Your feet were an inch too close. Your head was an inch too low. You planted your legs and threw rather than hiding behind your gloves. In the unforgiving sport of boxing, this is all it takes - a twinkling jumble of mistakes.
A twinkling jumble of mistakes that can be the difference between glory and pain. The difference between strapping the belts around your waist and having an oxygen mask strapped to your face. The difference between kissing and cuddling your girlfriend and sobbing uncontrollably into your pillow.
But if George Groves wanted to be forgiven for his mistakes he should have taken up tennis. Miscalculate on Centre Court and you might just lose a point. Miscalculate between the ropes and you're unconscious on the canvas.
"I deviated from the game plan for a split second," said Groves, who was knocked cold in the eighth round by Carl Froch at Wembley Stadium. "I got complacent, allowed him into range and I paid the price."
It will be of no consolation to Groves that the punch that made him see fairies was one of the greatest ever landed in a British ring. Rocky Marciano had his 'Suzie Q', the punch that knocked out Jersey Joe Walcott in their heavyweight world title fight back in 1952. Froch now has his 'Georgia Peach'.
"How do you define a great punch?" said Froch. Your opponent laid out on the boards, eyes flickering like a faulty strip light, leg horribly bent. That'll do it.
"That was the best punch I've thrown in my life," added Froch, still the IBF and WBA super-middleweight champion. "It landed lovely, closed the show."
And what a show to close. Eighty thousand fans, outdoors in a ball park in the capital, witnessing two men baring their souls in a spot-lit ring. Prize fighting at that level is less a sport and more a giant psychotherapy session.
"I've got ingredients you can't teach, ingredients you're born with," said Froch, telling us what we already knew. "Toughness, heart, determination, spite. George is missing toughness at the top level and he can't stand up to it."
Rematches are often more cautious affairs than the originals and this one was no different. Having already tasted each other's venom they had every right to keep their distance - it was the natural and sane thing to do.
Given the size of the ring, which resembled a glorified phone booth, it was difficult to stay distant for too long. And while Froch took a more measured approach in the early rounds, using his jab, keeping his shape, limiting himself to two-shot combinations, by the middle rounds he had Groves in his crosshairs.
Two of the three judges had Froch in front when the end came but it could quite easily have been the other way around. Groves landed plenty of sharp jabs and trademark right hands, Froch was on top when they got close and personal.
"I felt like I was winning comfortably," said Groves. "I was dominating him with the jab, beating him for hand speed. I hurt him, stood him up. But Carl is a seasoned world champion and there's no quit in him."
Certainly not in the ring. Find a nice space in the centre of Nottingham, commission a sculptor, mix up some bronze and erect a statue of Froch. It is unlikely that city will produce anyone as hard as him again.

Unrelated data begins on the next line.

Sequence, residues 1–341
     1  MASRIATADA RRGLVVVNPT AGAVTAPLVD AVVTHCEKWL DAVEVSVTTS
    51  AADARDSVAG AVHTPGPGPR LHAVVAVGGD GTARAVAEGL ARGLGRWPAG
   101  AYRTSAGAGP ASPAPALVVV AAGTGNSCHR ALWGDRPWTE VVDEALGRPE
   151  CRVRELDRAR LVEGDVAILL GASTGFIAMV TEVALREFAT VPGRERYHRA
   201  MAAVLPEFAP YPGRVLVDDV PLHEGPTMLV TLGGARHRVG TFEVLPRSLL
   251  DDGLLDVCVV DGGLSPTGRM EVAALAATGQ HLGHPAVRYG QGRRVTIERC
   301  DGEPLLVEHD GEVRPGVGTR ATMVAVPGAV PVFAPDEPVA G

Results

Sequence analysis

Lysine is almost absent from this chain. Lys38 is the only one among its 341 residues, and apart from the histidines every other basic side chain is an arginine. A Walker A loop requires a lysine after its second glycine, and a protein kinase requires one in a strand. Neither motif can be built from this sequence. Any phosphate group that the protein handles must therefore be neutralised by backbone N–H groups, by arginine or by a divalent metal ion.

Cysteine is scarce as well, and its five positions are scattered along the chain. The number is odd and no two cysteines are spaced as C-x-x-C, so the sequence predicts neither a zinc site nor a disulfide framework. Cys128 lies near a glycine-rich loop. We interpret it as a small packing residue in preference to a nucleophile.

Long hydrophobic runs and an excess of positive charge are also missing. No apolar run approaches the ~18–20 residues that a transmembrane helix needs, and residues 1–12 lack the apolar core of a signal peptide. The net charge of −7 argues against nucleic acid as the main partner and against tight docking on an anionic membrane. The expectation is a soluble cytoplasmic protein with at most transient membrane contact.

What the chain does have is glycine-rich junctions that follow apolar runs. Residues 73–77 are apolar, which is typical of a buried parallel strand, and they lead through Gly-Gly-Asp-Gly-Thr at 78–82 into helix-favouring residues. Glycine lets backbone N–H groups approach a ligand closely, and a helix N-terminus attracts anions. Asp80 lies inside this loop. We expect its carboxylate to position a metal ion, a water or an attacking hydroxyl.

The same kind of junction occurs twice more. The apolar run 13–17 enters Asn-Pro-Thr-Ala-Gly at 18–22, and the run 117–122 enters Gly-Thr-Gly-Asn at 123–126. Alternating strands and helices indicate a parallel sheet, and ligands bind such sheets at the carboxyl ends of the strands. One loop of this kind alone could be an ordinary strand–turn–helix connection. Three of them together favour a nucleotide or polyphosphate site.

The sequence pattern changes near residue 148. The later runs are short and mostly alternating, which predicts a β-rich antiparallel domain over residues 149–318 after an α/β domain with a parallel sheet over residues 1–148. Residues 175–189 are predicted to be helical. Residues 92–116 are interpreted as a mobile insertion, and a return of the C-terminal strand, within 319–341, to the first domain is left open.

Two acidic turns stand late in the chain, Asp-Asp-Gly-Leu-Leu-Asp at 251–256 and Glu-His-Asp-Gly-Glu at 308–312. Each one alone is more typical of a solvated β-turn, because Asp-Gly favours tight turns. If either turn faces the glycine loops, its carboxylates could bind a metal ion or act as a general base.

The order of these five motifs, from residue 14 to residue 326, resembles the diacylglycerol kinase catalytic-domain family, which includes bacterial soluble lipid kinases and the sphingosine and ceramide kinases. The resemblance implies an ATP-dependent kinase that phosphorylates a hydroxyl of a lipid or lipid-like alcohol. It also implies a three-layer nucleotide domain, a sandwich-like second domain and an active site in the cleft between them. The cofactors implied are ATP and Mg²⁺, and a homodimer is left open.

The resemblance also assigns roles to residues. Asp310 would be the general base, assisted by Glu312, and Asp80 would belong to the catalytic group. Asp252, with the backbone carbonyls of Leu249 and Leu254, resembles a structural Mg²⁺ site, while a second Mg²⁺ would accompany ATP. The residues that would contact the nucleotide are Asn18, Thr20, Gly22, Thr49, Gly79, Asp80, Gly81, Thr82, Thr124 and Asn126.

But having racked up 35 professional contests over 12 years, including 12 straight world title fights, no-one would be surprised if Froch has an epiphany on his sun lounger during his well-earned holiday.
"I've got a beautiful girlfriend," Froch might think, "two beautiful kids, lots of cash, plenty of nice things - do I really need to keep flogging myself and getting my brains bashed in?"
If the answer is "yes" - and you suspect it will be - expect Froch to swerve Groves's old rival and former Olympic champion James DeGale, who dazzled on the Wembley undercard with a four-round demolition of rated American Brandon Gonzales, and plump for a swansong in Las Vegas instead.
"I'm not saying that's the end but that will be hard to top," said Froch. "But there is one box that's not ticked and that's Las Vegas, the fight capital of the world. It would be nice to do that before I bow out."
Having completed two mandatory defences in a row, Froch is not obliged to fight DeGale, who is the IBF's number one contender. And a big fight in the United States against a big-name American has the advantage of dual pay per view and the extra revenue that brings. It seems like a no-brainer.
Froch's promoter Eddie Hearn mentioned tough Mexican Julio Cesar Chavez Jr and hard-hitting WBA middleweight champion Gennady Golovkin, the mere mention of whom brings on headaches. Let's hope Froch gets sound advice, because a heart is one of the best and worst things to have in boxing.
As for Groves, his new promoter, Germany's Kalle Sauerland, claims he knows who he will be fighting next. It is unlikely to be WBO title-holder Arthur Abraham, who is expected to defend against Liverpool's Paul Smith in the autumn. But it could be WBC champion Sakio Bika, who was ringside at Wembley. Groves would be best advised to take a less painful route.
At 26, the Londoner has time on his side and doesn't need to make rash decisions. Another brutal defeat by another seasoned world champion and that could be it. Reputation in tatters, confidence shot, considering another living.
On a wild night at Wembley, it was a tale of small mistakes with big implications. And more proof that when boxing gets it right there is no sport as thrilling. Hearn built it and they came in droves. More of the same, please.